PUTRAJAYA: Malaysia plans to reclaim its delegated airspace in southern Johor in stages, said Prime Minister Mahathir Mohamad at the ninth leaders' retreat on Tuesday (Apr 9).
The process is expected to begin by the end of this year and be completed by 2023, said Dr Mahathir in a joint press conference alongside Singapore's Prime Minister Lee Hsien Loong in Putrajaya.
READ: Airspace talks with Malaysia to factor in safety and efficiency of civil aviation, says PM Lee
He also reiterated the two countries' "long history of aviation cooperation".
"We are members of the International Civil Aviation Organisation (ICAO) and continue to work together on this international platform for mutual interest," he said.
Dr Mahathir noted how, earlier in the week, Singapore withdrew its Instrument Landing System (ILS) procedures for Seletar Airport while Malaysia indefinitely suspended its permanent restricted area over Pasir Gudang "in the spirit of bilateral cooperation".
Later in the day, Mr Lee said that airspace talks have to be carried out with a view to safety and efficiency.
“Malaysia wants to discuss adjustments, and improvements to the arrangements and they want to take it back,” he noted.
“We will talk to them to see what adjustments are possible. It is not reasonable for us to say 'we will not talk', 'we will not listen to your concerns',” he added.
“So I think the ministers on both sides understand the parameters and it has to be done with a view to safety and efficiency of civil aviation.”
Airspace management in southern Johor first came into the spotlight in December last year, after Malaysia's Transport Minister Anthony Loke expressed the country's intention to take back the airspace that was delegated to Singapore in the 1970s, citing concerns about sovereignty and national interest.
Mr Loke had said in parliament that Singapore's ILS for Seletar Airport had a negative impact on developments and shipping operations in Pasir Gudang.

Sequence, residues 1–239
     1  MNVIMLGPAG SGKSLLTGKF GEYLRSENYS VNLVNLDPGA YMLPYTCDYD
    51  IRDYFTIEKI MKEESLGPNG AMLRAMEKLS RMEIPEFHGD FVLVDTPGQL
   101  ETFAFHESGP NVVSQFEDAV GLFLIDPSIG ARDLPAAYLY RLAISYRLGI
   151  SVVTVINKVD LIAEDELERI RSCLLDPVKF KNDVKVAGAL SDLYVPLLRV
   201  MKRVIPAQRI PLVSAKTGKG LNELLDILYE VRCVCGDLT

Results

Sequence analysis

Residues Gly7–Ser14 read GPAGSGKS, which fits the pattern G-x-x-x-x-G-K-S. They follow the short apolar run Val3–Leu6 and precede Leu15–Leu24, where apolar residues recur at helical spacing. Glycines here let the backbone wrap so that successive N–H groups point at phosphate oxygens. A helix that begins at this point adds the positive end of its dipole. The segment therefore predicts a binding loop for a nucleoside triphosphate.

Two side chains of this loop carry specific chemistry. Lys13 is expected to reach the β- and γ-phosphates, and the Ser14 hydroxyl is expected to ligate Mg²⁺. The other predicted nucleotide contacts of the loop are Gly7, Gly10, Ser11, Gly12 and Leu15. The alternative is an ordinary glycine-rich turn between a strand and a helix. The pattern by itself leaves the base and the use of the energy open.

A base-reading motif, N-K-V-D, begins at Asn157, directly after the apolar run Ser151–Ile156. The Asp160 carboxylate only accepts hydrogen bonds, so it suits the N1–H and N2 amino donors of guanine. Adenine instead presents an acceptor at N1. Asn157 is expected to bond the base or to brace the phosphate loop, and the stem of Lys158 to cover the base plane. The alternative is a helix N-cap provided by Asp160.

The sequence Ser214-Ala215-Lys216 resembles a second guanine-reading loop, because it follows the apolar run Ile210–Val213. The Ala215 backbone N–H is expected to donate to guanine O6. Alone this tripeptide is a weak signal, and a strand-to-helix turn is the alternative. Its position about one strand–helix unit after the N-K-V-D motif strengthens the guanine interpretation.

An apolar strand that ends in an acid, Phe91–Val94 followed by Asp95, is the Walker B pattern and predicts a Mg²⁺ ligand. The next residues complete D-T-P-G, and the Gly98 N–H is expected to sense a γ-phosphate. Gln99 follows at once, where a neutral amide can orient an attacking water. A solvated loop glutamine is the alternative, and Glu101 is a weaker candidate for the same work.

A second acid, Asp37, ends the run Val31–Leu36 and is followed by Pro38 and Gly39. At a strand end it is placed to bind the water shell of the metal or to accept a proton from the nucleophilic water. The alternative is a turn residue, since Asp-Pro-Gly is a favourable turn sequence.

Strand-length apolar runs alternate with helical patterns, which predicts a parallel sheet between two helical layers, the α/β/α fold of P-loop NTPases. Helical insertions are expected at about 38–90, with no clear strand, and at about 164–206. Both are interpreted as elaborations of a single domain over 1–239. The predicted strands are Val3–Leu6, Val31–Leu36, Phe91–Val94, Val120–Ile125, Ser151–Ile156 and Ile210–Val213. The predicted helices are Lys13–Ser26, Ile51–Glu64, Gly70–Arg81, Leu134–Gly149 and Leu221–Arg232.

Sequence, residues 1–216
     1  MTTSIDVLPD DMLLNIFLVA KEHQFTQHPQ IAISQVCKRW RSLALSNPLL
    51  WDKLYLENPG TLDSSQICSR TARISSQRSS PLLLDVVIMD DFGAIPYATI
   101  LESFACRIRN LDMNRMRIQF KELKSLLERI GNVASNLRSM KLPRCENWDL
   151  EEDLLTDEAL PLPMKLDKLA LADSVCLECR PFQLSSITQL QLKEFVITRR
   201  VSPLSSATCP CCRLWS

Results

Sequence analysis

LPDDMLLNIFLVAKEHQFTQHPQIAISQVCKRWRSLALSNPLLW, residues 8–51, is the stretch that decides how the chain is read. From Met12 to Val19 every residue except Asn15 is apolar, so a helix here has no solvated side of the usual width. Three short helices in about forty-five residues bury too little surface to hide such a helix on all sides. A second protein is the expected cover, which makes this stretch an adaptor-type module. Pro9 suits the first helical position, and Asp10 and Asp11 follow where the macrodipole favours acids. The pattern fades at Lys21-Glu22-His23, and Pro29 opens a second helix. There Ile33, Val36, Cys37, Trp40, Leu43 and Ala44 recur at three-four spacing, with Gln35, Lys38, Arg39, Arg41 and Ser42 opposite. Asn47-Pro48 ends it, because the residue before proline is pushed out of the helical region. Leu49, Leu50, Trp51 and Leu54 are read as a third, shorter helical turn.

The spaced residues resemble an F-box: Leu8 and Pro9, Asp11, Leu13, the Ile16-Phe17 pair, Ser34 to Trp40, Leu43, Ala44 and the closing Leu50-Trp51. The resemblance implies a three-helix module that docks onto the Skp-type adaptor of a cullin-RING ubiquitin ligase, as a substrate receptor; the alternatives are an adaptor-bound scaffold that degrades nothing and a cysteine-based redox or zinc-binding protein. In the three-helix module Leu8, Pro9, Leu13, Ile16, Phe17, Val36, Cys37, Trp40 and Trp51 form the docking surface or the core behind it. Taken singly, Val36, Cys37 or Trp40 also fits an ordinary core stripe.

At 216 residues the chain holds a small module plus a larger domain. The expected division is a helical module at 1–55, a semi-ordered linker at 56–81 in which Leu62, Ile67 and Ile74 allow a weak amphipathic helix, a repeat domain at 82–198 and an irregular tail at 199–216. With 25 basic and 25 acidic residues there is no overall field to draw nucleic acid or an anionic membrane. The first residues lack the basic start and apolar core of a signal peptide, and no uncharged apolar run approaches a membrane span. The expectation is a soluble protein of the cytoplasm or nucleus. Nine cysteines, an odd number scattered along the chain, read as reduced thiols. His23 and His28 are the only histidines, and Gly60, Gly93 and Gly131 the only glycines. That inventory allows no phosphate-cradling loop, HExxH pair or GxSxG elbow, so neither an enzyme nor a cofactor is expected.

On Dec 25, Malaysia announced the establishment of a permanent restricted area in the airspace over Pasir Gudang with effect from Jan 2.
In response, Singapore's Ministry of Transport cited concerns about the restricted area being in a "controlled and congested airspace" and how the move would impact existing and normal operations of aircraft transiting through.
Dr Mahathir said on Tuesday that a high-level committee to review the bilateral agreement signed by Malaysia and Singapore in 1974 delegating the southern Johor airspace to the latter, had already commenced discussion.
"Malaysia's objective is to take back the delegated airspace from Singapore in the area concerned in stages," he said at the leaders' retreat.
"Malaysia aims to do this within the time frame beginning the end of 2019 to 2023."
He added: "It is important to note that the (1974 agreement) was signed when the Kuala Lumpur flight information region was in its infancy. At that time, air navigation facilities in Malaysia were not adequate.
"ICAO recommended that air traffic services in the area concerned to be delegated to Singapore. We have made significant investments in preparation to take back the said delegated airspace and hope that this can be done expeditiously."
"GOOD FENCES MAKE GOOD NEIGHBOURS"
At the press conference, Dr Mahathir also touched on the Singapore-Malaysia maritime dispute.
"We have made progress by implementing the recommendations of the Singapore-Malaysia Working Group, which include the suspension of the implementation of the Johor Bahru port limits of Tanjung Piai and Singapore port limits of Tuas," he said.
READ: MFA confirms "no Malaysian government vessels" anchored in area previously covered by overlapping port limits
He added: "As the saying goes, good fences make good neighbours. We will now proceed to maritime boundary delimitation in the area. A new committee will be established for this purpose and will commence by next month.
"Ultimately Malaysia believes it is important to delimit all outstanding maritime boundaries between Malaysia and Singapore. It should not only be to delimit the area surrounding the port limits; it should be for the whole boundary."
Dr Mahathir said that traffic congestion at the Causeway and Second Link entry points remains a "major problem" for commuters.
"Currently about 250,000 to 300,000 are crossing the Causeway on a daily basis. Resolving congestion is a priority for Malaysia," said the prime minister.
READ: Singapore, Malaysia affirm commitment to cooperative and forward-looking bilateral relationship
"Both sides are committed to addressing this issue and we continue to explore new initiatives to tackle this problem.
"This may include improvement in physical infrastructure, review of inter-boundary policies and regulations, and improvement in quality of cross-border services and the (Johor Bahru Customs, Immigration and Quarantine Complex)."
At the conclusion of his statement, Dr Mahathir said the two countries "will continue the momentum of positive engagement including through the important platform of the leaders' retreat".
He also announced he had "very gladly accepted" Mr Lee's invitation to commemorate the 200th anniversary of the founding of modern Singapore during this year's National Day Parade at the Padang.